Building with Salvaged and Recycled Materials

Get useful tips for buying recycled and salvaged materials for building a tiny home.

| October 2016

  • Recycled Materials
    Using recycled and salvaged materials is a great way to keep costs down on a tiny home build.
    Photo courtesy Storey Publishing
  • Microshelters
    "Microshelters" by Derek "Deek" Diedricksen provides an inside look at the tiny home movement that is sweeping across America.
    Cover courtesy Storey Publishing

  • Recycled Materials
  • Microshelters

Microshelters (Storey Publishing, 2015) by Derek "Deek" Diedricksen explores the most creative, clever microshelters out there and what makes them work. Diedricksen also gives plenty of tips for supply scavenging, building and decorating a tiny home. This excerpt comes from chapter 7, "Budgeting & Salvaging." 

You can purchase this book from the MOTHER EARTH NEWS store: Microshelters.

By now you’ve probably sensed a “subtle” theme that runs throughout my projects and designs: I like to build things with free junk. “Curbside culling” is a term I coined a while back, and it covers everything from yard-sale searching and word-of-mouth acquisitions to dumpster diving and back-lot browsing, all of which can make a microshelter much more affordable. In addition to the obvious environmental benefits, using recycled goods can make your structure stand out from the pack — in a very good way.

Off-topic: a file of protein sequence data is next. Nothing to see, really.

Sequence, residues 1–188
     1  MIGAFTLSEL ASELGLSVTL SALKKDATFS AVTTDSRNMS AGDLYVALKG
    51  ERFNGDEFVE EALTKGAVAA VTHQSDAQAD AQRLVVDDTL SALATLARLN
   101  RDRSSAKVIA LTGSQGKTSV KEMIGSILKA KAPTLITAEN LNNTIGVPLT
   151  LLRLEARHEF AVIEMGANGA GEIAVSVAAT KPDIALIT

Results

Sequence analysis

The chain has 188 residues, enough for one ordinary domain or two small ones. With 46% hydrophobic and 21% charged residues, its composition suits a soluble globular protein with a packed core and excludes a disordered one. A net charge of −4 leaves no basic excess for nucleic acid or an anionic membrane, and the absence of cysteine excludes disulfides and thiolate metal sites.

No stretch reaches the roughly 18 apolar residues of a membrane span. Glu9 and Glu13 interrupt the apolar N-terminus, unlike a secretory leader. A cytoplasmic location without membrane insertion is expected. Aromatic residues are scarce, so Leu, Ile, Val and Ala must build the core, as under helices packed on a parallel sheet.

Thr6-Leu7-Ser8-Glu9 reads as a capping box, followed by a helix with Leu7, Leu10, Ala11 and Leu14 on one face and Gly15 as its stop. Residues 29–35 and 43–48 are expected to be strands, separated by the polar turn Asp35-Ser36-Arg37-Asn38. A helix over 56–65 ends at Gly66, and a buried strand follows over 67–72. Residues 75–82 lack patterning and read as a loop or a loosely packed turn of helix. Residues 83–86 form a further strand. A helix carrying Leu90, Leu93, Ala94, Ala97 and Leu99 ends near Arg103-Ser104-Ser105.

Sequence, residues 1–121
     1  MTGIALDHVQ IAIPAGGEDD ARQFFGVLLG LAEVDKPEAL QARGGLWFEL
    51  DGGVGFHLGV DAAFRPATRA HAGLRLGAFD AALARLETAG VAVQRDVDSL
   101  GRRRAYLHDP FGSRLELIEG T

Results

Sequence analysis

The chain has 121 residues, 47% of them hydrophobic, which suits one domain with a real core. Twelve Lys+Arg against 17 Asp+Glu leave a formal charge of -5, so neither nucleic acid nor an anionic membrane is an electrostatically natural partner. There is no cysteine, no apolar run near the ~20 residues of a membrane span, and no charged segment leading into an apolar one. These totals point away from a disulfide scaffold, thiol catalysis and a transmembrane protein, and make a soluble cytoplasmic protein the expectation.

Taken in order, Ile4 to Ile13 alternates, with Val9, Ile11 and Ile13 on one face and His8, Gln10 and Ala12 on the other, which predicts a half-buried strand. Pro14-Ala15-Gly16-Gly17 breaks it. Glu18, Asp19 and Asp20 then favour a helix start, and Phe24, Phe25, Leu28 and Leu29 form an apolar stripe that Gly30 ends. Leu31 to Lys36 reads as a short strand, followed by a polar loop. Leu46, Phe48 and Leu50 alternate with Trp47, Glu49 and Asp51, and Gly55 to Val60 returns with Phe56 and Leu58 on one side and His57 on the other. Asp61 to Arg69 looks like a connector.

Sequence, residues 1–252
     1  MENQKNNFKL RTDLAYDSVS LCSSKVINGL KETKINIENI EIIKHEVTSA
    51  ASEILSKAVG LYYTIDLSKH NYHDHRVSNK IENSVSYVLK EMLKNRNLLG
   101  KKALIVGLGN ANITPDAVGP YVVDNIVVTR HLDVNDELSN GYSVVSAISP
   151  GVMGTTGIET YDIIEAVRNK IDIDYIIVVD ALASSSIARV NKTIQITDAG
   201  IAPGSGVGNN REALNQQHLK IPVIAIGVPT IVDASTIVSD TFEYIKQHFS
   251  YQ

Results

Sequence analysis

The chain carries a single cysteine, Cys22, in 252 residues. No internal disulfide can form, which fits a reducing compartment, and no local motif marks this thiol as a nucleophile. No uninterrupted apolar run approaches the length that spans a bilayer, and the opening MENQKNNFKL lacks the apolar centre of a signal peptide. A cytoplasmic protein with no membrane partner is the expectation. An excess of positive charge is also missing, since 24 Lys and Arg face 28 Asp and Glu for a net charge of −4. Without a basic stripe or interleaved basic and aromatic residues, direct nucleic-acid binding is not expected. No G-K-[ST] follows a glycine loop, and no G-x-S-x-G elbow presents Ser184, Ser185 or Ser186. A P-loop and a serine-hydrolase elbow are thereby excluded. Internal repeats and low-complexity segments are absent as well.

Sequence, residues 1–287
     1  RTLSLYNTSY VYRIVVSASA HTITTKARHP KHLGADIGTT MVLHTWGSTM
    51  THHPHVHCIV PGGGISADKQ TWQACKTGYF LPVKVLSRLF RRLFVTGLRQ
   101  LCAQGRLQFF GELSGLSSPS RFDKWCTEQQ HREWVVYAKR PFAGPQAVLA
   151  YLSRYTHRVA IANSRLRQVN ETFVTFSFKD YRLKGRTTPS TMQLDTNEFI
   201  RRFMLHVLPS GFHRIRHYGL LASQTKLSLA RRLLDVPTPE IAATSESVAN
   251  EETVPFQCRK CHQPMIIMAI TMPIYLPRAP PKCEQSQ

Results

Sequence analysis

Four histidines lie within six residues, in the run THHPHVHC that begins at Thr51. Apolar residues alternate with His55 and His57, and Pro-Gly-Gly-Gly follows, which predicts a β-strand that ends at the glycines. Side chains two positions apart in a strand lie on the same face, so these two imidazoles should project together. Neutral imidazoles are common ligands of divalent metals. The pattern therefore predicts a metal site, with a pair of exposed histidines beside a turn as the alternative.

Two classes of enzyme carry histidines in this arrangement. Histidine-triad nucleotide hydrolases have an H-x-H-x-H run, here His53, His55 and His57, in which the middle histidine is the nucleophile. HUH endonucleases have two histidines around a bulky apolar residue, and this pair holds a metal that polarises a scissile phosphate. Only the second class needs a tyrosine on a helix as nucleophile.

There are, however, some ins, outs, dos, and don’ts of the trade, and I’d like to cover a few of the more common, worthwhile goods you’re going to come across when cruising the streets. You don’t have to wake up early to race the trash crew for prime pickings, and you don’t have to combat fellow “seagulls” (junk hunters) with your fancy moves. Just keep your eyes peeled any time you’re on the road. Don’t worry, it’s not brain surgery; you’ll do just fine.



What are you waiting for? Get out there and start some creative harvesting — and enjoy the process, the savings, and the eventual results.

Windows                         

These things are strewn everywhere. With increasing technological advances and insulation efficiency (R-value) standards, homeowners are ditching their old (perfectly good) windows at a darn rapid rate. For you and me, this is not a bad thing by any means. I can’t tell you the number of windows I’ve come across, grabbed, and later used in my own projects or just sold to pay for construction items I can’t find for free.






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